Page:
It is intrinsically holy because the two of you, like all husbands and wives, are called by the Lord, through your marriage, to remain always in his love (cf. John 15:9). Through the grace of the sacrament marriage, the Lord invites you to enter into his Sacred Heart, to make your home within it even as the dove dwells “in the clefts of the cliff” (Song of Songs 2:14).
|Saint Marianne Cope|
Among the words of profound spiritual counsel left us by Saint Marianne Cope, one of my favorites saints, are these: “Creep down into the heart of Jesus.” The reason she tells us to do so is simple: “He alone can comfort you in your supreme hour of sorrow.” These might seem strange words for a wedding homily, but the truth of her words cannot be ignored, nor can the reality of marriage as a form of the cross, in that marriage requires a daily renunciation of oneself in favor of the spouse to be a reflection of his love.
We know that “love is the foundation of everything,” including marriage and the Cross, but just as there is a temptation today to over-romanticize love, so is there a temptation to over-romanticize marriage, to think it will somehow automatically bring about a life of bliss without any difficulties whatever. The reality, however, as any honest couple will tell you, is not quite so picture perfect. Marriage is difficult and requires compromise, patience, and gentleness, but when the difficulties of marriage are embraced, when your mutual love continues and you set each other as a seal on your hearts, marriage is beautiful (cf. Hebrews 13:1; Song of Songs 8:6). Just as the Cross is difficult, so, too, can marriage be difficult; but in the same way, just as the Cross produces joy within those who embrace it, so, too, does marriage (cf. John 15:11-13).
Like the Christian life in general, marriage is simple, but it is not easy; marriage is simple because, at its core, it involves only one thing, namely, the taking up of the Cross. In marriage, you, Michael, must always put Abbey’s good before your own; likewise, you, Abbey, must always put Michael’s good before your own. If you live in this way, you will indeed keep the commands of the Lord and you will honor marriage (cf. John 15:10; Hebrews 13:4). All of this, of course, requires a repeated and continual – even daily - embracing of the Cross.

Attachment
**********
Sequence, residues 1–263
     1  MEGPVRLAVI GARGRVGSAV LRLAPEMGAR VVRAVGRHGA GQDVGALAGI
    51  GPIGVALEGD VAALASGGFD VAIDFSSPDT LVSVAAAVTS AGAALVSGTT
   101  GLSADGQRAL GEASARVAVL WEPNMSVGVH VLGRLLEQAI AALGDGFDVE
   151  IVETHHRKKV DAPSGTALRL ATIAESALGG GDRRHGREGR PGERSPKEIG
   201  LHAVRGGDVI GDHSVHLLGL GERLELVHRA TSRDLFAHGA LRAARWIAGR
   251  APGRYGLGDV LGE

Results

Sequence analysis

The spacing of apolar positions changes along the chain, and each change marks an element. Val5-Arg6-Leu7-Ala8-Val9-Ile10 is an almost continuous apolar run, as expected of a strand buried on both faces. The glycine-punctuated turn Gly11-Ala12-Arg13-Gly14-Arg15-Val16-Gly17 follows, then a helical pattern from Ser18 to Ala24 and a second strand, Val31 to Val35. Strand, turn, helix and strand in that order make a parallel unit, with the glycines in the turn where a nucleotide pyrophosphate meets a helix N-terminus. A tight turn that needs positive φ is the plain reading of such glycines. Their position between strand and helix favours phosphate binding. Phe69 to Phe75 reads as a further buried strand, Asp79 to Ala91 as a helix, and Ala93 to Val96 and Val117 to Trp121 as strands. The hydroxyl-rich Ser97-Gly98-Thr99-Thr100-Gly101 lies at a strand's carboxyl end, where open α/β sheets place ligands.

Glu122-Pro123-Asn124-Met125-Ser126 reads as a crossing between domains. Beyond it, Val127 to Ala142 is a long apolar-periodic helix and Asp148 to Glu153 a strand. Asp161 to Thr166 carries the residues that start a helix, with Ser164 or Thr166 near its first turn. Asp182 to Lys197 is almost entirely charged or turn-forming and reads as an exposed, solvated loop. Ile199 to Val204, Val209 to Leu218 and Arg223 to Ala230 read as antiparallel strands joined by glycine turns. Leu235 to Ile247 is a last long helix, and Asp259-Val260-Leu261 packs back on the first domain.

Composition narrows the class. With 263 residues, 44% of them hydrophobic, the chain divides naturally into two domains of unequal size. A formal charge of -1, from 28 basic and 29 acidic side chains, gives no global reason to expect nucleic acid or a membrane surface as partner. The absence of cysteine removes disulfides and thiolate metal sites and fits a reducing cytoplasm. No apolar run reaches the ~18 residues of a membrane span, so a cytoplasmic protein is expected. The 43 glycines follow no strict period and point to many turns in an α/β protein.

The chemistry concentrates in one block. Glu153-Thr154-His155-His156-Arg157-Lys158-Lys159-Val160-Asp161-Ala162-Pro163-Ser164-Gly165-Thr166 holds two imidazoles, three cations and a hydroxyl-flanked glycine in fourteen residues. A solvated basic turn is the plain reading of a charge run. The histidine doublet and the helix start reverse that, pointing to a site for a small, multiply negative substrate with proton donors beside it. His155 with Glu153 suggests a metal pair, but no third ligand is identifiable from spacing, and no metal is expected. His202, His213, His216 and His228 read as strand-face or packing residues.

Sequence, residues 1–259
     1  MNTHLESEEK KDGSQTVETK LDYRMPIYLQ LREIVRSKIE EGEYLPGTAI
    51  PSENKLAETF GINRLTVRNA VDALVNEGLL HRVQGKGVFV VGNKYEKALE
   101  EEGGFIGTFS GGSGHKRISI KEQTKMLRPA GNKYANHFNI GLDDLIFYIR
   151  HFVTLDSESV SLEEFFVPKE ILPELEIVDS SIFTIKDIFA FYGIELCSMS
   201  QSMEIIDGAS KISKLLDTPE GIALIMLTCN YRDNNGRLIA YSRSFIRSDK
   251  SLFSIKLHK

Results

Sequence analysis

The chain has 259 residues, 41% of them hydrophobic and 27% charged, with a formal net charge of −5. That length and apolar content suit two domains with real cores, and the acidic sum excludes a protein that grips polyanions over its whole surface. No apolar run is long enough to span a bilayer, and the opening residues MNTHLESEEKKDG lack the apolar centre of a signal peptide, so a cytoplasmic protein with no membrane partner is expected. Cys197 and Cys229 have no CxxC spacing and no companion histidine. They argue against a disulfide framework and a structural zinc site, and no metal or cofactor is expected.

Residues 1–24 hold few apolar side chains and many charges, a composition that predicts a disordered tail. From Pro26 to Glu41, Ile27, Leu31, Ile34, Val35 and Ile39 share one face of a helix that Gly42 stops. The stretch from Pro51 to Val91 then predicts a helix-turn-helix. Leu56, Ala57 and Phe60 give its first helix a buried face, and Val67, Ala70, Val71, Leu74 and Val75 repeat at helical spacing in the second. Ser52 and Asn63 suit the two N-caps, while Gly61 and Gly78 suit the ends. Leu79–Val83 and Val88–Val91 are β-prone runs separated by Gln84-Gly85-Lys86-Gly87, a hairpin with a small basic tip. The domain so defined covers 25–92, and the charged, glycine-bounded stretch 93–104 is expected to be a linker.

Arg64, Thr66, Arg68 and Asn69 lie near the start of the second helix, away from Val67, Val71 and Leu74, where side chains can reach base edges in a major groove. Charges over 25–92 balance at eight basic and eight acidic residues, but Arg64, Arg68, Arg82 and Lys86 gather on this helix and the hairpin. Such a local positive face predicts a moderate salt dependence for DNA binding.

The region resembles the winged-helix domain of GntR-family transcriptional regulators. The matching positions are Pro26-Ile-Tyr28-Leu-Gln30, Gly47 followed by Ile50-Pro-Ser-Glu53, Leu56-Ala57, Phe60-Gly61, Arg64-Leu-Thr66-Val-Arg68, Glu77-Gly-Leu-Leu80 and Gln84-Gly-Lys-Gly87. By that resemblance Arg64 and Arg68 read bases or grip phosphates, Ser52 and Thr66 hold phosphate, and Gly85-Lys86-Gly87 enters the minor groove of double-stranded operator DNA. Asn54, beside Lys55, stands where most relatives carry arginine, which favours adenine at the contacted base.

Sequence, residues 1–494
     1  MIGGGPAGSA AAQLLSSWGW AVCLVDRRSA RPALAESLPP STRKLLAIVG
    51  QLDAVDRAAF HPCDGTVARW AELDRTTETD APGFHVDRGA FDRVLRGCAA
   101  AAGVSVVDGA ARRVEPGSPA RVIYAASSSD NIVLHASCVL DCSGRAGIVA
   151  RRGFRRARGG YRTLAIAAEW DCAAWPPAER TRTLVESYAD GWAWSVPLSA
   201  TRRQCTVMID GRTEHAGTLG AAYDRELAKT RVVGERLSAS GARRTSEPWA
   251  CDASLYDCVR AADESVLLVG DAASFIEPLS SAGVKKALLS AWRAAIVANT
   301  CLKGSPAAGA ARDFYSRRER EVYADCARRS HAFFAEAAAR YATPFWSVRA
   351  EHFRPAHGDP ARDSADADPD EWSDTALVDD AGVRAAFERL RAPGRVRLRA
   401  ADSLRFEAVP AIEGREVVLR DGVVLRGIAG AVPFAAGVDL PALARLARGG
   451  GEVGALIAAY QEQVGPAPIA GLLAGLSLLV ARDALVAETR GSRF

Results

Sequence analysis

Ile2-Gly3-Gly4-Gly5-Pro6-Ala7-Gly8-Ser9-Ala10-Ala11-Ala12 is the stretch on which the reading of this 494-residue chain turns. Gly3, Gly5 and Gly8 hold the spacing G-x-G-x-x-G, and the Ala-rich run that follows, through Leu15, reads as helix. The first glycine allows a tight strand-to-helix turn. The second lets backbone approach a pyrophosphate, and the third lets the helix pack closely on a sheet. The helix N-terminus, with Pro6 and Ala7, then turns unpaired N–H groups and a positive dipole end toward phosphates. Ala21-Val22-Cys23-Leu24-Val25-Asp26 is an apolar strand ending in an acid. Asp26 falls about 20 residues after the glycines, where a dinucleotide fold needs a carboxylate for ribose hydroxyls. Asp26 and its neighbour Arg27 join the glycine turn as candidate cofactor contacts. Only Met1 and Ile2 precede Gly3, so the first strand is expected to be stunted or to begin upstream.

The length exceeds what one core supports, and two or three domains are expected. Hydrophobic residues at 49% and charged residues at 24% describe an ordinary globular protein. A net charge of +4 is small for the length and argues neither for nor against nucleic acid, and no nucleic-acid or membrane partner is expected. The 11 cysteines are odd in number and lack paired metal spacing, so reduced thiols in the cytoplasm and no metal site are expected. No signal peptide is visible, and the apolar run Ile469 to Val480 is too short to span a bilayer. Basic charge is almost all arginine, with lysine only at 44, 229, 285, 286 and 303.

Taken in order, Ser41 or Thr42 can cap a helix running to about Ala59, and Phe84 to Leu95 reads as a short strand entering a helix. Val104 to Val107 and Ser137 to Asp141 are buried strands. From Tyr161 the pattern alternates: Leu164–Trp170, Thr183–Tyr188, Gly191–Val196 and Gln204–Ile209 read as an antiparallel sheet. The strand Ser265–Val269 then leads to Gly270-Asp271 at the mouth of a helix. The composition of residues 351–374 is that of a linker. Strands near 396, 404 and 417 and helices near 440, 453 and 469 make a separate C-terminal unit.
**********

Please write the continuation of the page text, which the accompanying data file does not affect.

The great J.R.R. Tolkien, a devout Catholic and author of The Hobbit and the Lord of the Rings, reflected on the reality of marriage in a letter he wrote to his son Michael in 1941. Then, after twenty-five of his fifty-five years of marriage to his beloved wife Edith, the elder Tolkien wrote these words:
|John Ronald Reuel and Edith Tolkien|
Faithfulness in Christian marriage entails that: great mortification… No man, however truly he loved his betrothed and bride as a young man, has lived faithful to her as a wife in mind and body without deliberate conscious exercise of the will, without self-denial. Too few are told that – even those brought up ‘in the Church’.
Tolkien here speaks of a danger for the groom in marriage, but lest some think marriage brings no danger for the bride, we might note also the temptation of the wife always to be right, even when she is not. Marriage, for her, too, requires deliberate conscious exercise of the will, that is, self-denial. I do not want the two of you to be unaware of this; this is why I gave you Mother Marianne’s counsel to creep down into the heart of Jesus, for his Sacred Heart is always intimately connected with his Cross. How fitting, then, even providential, that you begin your married life together in this church dedicated to that Heart which was pierced for us in love and which remains open for us as a safe harbor in the storms of life and a happy home in the joys of life.
Creep down together, then, into the heart of Jesus each day of your married life. Look around within his heart and poke around, exploring each day what it means to love fully and to love “to the end” (John 13:1). As you help each other creep down further into the heart of Jesus to conform your hearts ever more closely to his own, you will help each other to become saints, which is, of course, the first and primary purpose of marriage. Then you will be able to emerge from his Sacred Heart to love as he loves, teaching each other – and all who see you – how to do the same. May your mutual love, soon to be bound in the love of God through marriage, show to a darkened world the bright light of love so that, together with you, we may all find our home in the heart of Jesus. Amen.
 Ibid., 7.
 Ibid., 6.
 Mary Healy, Catholic Commentary on Sacred Scripture: Hebrews (Grand Rapids, Michigan: Baker Academic, 2016), 286.
 Saint John Chrysostom, Homily on Ephesians 17.4.32-5.2. In Thomas C. Oden, et al, eds., Ancient Christian Commentary on Scripture, New Testament Vol. VIII: Galatians, Ephesians, Philippians (Downers Grove, Illinois: Inter Varsity Press, 1999), 173.
 J.R.R. Tolkien, Letter to Michael Tolkien, 6-8 March 1941. In The Letters of J.R.R. Tolkien. Humphrey Carpenter, ed. (Boston: Houghton Mifflin Company, 2000), 51.